This image, ‘Transitions‘, is one of the more complex of my Kryptomorphaics compositions in that it incorporates both a modicum of zoom blur and a large amount of rotation.
The recognition of this composition came to me during a nighttime photo-walk with a group of fellow photographers. While many were taking long exposure shots, I was on the prowl for something a little different: looking for what lies hidden under the surface and how I could bring this out. When I came upon a pair of white columns with a couple of spotlights on them, I knew that I had found my subject. Looking upon them, I noticed how they framed the traffic turning behind them, which helped me decide on the shot, as I set up my tripod.
What truly inspired me that night, was an event that occurred across the Atlantic Ocean in the Netherlands: the passing of the aunt, to whom I always felt a close connection. She had been suffering through the ravages of lung cancer, and I knew that my visit with her about a month earlier was the last time that I would see her. She and I always had a strong bond, and it was no different on this night. As I felt a strong pull, I captured this photograph in one take, and knew something significant had happened; a message from her sister the next morning confirmed what I had sensed: her transition to another plane of existence.
On this long exposure, I was certainly guided by her spirit, and when I saw the result on a bigger screen that night, I knew that we had created something special.
This image was captured with a Canon EOS 5D Mk II and 17-40mm f/4L lens at 100 ISO, f/20 at a 30 second shutter speed. The camera was rotated along its axis very slowly to get the smearing of the columns and create the window. A slight bit of zoom blur during this rotation created the depth.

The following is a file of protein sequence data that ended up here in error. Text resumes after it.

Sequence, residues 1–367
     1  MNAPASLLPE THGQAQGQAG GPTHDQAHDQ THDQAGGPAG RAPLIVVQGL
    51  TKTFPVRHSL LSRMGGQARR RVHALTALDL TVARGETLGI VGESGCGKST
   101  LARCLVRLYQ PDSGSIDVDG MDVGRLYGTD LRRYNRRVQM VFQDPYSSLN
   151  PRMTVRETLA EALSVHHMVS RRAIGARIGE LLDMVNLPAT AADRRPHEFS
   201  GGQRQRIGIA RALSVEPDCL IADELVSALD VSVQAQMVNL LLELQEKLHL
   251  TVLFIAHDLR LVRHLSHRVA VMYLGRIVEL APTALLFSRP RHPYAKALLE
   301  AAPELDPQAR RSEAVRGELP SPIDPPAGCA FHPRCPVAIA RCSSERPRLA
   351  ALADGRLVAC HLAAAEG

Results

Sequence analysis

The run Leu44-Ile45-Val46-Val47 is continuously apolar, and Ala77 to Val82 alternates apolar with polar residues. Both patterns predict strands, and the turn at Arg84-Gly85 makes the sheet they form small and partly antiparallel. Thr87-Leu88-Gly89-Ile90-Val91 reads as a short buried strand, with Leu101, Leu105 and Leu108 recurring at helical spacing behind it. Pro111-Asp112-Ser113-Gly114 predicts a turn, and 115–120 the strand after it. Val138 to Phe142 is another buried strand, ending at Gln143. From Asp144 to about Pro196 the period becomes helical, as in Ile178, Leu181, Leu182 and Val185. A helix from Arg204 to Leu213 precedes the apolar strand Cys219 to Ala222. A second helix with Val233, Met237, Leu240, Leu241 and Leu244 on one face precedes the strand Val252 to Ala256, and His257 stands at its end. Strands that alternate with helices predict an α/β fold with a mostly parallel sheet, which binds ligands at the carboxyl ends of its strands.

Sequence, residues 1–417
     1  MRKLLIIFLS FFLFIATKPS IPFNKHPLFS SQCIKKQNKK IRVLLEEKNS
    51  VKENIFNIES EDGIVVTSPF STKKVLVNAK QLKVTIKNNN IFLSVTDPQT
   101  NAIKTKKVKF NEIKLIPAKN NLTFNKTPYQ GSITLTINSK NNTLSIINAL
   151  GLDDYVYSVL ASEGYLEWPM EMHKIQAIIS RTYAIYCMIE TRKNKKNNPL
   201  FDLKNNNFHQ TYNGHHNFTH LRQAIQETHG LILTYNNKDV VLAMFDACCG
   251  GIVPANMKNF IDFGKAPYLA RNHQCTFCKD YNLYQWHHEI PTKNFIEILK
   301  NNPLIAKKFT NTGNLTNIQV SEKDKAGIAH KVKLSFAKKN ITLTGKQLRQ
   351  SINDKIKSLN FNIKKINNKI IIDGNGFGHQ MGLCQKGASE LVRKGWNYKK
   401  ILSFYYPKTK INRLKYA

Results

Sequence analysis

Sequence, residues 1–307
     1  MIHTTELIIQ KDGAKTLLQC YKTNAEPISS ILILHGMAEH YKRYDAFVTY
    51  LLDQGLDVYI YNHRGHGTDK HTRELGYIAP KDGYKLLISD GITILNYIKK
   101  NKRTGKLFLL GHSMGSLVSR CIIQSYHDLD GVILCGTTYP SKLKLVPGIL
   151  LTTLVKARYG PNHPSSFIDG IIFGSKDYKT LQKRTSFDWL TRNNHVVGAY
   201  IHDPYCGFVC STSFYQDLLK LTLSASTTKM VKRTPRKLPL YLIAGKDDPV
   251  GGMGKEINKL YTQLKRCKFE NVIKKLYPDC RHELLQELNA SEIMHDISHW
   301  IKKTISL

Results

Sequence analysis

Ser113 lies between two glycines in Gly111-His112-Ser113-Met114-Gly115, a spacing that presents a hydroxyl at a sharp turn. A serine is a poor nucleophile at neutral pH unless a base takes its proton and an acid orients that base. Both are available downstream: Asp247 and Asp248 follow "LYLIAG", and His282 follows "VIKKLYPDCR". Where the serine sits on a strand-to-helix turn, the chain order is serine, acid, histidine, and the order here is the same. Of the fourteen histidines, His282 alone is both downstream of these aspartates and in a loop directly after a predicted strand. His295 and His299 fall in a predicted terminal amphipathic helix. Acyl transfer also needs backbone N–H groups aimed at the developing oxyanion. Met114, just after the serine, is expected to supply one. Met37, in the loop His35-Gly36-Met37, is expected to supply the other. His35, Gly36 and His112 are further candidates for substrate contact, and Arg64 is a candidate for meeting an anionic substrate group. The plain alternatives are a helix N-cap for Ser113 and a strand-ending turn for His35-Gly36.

Strawberries and kale are both superfoods, as many of you know. Both are full of antioxidants, have cancer prevention properties and strawberries have anti-inflammatory benefits. Plus they are both delicious, so what could be better?
Hope you enjoy them or do you prefer other superfoods?
This is an image that I took a couple of years ago, when I was taking a food photography class. My goal was to achieve a simple, timeless image that had lines and colors working together.
Lighting for this image was done with a single studio strobe and a reflector to lighten the shadow. Camera for this shot was a Canon EOS 5D MkII with a 24-105mm f/4L lens; F-stop was set to f/6.3 at 1/100 second.
As Winter is beginning to reliquish its grip on New England, a look back at a beach visit from last year.
In 2015, the end of January was particularly cold and snow-filled, which made the last day of the month a perfect time to go visit the beach. There were many wonderful snow images, but this one stood a bit apart for me.
While wandering around the beach, I noticed that there were some areas where the receding water had left some rather interesting formations in the sand. Striations in the sand combined with the semi-solid salt water from the cold, created this wonderful view from a low angle (I laid down to get this angle). To my eye, this felt like looking over a sand dune toward the edge of a desert oasis, an interesting juxtaposition to the extreme cold of the day!
Hope you enjoy it as well!